Sermon: Epiphany 3 RCL B – “The Planted Seed”

The preacher said, “There’s no such thing as a perfect woman. Anybody present who has ever known a perfect woman, stand up.”

Nobody stood up.

“Those who have ever known a perfect man, stand up.”

Well, Ol’ Man Boudreaux stood up.

“Are you honestly saying you knew an absolutely perfect man?” he asked, somewhat amazed.

“Well now, I didn’t know him personally,” Boudreaux replied, “but I have heard a great deal about him.  He was Clotile’s first husband.”

Charles Halloway is the father in Ray Bradbury’s, Something Wicked This Way Comes.  At one point, he comments, “Too late, I found you can’t wait to become perfect, you got to go out and fall down and get up with everybody else.”

That is a very true statement and although we may try to fall as little as possible, we are still going to fall.  However, when it comes to our Christian faith and following Jesus, we’ve come to believe that we must first attain perfection with no falls.  Our pants must be freshly dry cleaned and properly creased, our halos on straight, our eyebrows not too bushy, and our sins far behind us.  Trouble is, we’ll be dead and we still won’t be there.

Imagine, our Gospel reading: “As Jesus passed along the Sea of Galilee, he saw Simon and his brother Andrew casting a net into the sea—for they were fishermen. And Jesus said to them, ‘Follow me and I will make you fish for people.’”  Peter responds, I’m sorry.  I can’t do that right now.  I stink of fish, Andrew is still sporting the black eye from when I popped him one last week for tell me I was getting fat, and I haven’t been to synagogue but twice in the last two months.  Jesus then, turning to look at Peter says with disdain on his face, “You’re right.  Never mind.  You are in fact a complete loser.”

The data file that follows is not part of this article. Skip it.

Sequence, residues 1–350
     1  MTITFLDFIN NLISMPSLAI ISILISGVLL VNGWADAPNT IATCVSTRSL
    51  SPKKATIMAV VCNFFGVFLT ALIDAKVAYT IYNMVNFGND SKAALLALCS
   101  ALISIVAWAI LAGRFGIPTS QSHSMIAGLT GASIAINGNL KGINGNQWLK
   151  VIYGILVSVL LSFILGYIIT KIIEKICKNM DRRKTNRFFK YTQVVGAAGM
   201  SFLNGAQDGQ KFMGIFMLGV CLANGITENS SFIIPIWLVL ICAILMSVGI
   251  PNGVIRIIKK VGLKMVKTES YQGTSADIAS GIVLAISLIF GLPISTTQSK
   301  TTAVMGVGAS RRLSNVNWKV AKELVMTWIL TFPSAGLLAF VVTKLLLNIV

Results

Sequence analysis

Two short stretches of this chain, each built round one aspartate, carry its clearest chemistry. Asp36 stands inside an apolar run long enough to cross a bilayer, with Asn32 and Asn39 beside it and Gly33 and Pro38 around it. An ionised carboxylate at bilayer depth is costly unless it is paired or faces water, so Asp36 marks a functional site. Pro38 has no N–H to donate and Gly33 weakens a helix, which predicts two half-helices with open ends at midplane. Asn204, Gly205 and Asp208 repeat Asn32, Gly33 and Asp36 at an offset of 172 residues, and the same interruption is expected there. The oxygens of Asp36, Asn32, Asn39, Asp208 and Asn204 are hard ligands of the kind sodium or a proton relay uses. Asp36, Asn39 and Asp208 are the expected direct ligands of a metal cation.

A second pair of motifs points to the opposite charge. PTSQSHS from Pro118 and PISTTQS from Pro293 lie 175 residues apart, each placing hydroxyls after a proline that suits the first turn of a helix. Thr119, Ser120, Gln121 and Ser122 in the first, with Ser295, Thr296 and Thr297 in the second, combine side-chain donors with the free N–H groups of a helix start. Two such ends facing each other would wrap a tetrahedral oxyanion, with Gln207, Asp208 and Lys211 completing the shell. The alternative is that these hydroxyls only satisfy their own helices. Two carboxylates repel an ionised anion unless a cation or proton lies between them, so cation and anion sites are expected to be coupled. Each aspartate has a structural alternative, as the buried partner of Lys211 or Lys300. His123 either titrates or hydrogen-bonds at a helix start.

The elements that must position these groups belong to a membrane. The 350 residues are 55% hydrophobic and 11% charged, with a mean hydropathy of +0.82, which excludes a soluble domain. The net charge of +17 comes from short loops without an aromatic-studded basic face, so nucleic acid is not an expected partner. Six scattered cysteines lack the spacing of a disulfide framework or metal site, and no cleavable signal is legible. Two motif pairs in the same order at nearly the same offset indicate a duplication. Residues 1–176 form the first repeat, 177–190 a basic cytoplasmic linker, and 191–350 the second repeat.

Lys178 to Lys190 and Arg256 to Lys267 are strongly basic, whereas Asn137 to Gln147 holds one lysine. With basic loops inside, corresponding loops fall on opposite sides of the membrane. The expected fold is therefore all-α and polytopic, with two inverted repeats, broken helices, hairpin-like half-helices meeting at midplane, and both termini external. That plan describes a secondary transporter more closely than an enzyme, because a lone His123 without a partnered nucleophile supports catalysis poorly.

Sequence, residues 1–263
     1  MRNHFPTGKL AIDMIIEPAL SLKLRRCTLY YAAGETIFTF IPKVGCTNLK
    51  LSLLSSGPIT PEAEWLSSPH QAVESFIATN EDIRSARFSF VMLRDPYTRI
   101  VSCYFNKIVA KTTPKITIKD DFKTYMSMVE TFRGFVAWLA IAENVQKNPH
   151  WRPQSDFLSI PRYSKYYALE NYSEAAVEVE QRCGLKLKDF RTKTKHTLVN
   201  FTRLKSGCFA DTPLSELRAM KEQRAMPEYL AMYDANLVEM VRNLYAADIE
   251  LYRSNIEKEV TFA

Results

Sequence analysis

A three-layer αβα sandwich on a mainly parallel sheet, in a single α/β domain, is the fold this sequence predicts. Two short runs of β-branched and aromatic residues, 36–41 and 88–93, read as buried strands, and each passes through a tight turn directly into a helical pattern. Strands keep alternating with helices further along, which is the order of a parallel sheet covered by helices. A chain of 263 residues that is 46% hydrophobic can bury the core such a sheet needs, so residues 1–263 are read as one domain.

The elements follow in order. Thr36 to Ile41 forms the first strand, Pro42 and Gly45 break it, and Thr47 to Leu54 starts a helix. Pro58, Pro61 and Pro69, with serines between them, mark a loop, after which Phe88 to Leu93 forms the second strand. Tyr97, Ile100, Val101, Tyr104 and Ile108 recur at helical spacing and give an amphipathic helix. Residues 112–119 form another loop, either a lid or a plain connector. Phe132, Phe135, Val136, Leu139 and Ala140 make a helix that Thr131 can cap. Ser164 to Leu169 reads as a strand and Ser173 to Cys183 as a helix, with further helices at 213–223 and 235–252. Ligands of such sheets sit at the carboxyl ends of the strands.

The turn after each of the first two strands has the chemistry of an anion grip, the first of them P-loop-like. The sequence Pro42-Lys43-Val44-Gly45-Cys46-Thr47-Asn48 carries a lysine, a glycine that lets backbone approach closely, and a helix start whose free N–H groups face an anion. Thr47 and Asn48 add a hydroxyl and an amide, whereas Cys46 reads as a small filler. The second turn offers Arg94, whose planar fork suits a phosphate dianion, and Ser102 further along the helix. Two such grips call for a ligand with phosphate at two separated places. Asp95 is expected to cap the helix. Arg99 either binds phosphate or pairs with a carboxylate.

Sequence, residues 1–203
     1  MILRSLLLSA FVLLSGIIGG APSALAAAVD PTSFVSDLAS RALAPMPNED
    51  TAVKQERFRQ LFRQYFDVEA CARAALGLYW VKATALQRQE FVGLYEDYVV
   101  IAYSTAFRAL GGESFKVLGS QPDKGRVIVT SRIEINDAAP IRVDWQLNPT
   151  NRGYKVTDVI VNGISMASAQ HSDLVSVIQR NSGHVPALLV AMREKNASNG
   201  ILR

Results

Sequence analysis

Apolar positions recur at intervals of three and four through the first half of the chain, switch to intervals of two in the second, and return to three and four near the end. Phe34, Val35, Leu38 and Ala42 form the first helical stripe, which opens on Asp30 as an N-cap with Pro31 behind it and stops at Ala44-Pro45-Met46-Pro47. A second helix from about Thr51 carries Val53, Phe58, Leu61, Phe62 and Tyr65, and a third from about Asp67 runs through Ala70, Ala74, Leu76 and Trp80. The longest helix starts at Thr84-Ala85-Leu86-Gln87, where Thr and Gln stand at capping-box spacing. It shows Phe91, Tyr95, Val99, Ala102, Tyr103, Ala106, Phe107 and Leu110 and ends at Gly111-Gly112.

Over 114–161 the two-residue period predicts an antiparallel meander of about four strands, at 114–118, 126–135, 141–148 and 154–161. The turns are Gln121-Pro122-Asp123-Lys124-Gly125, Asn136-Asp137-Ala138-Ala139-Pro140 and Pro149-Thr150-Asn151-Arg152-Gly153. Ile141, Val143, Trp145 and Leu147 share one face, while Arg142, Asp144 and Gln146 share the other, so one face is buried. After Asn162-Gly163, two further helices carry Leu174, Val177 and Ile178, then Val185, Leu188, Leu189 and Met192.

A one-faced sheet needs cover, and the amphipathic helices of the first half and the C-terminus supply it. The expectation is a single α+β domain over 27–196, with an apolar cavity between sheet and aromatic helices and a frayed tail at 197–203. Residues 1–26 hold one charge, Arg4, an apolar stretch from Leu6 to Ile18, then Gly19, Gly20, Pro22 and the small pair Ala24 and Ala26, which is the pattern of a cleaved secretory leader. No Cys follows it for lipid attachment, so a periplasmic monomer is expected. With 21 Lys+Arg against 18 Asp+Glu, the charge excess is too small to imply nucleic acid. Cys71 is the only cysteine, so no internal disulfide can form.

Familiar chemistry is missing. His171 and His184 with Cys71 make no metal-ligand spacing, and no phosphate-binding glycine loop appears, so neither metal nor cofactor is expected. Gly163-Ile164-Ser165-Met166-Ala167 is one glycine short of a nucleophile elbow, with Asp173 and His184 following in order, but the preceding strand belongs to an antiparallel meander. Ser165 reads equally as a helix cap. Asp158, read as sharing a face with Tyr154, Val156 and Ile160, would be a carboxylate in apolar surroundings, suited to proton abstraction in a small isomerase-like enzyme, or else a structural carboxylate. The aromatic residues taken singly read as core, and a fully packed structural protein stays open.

Well, of course Jesus did not say that to Peter, even though most of it could have been true, but Jesus did not come looking for the perfect: “Those who are well have no need of a physician, but those who are sick. I came not to call the righteous, but sinners.” 

A fable tells of a man who was casually shopping in a store but then discovered that God was behind the sales counter.  So the man walked over and asked, “What are You selling?”

God replied, “What does your heart desire?”

The man said, “I want happiness, peace of mind, holiness, to be without sin, freedom from fear… for me and the whole world.”

God smiled and said, “I don’t sell fruit here. Only seeds.”

Jesus saying, “Follow me”, is Jesus desiring to plant a seed within us so that he might begin a great work in our souls.  If there were finished products on the earth, he never would have come in the first place, but there weren’t.  There were people like Peter and Andrew who were no different than the rest, except that they allowed that seed to be planted within them and they allowed it to grow.  They also took their spills along the way.  Everything from denying Jesus, to doubting, disappointed, frustration, and all that we feel.  What made them great, was that they never gave up.  They never uprooted what was planted within them and cast it aside as though it were a weed.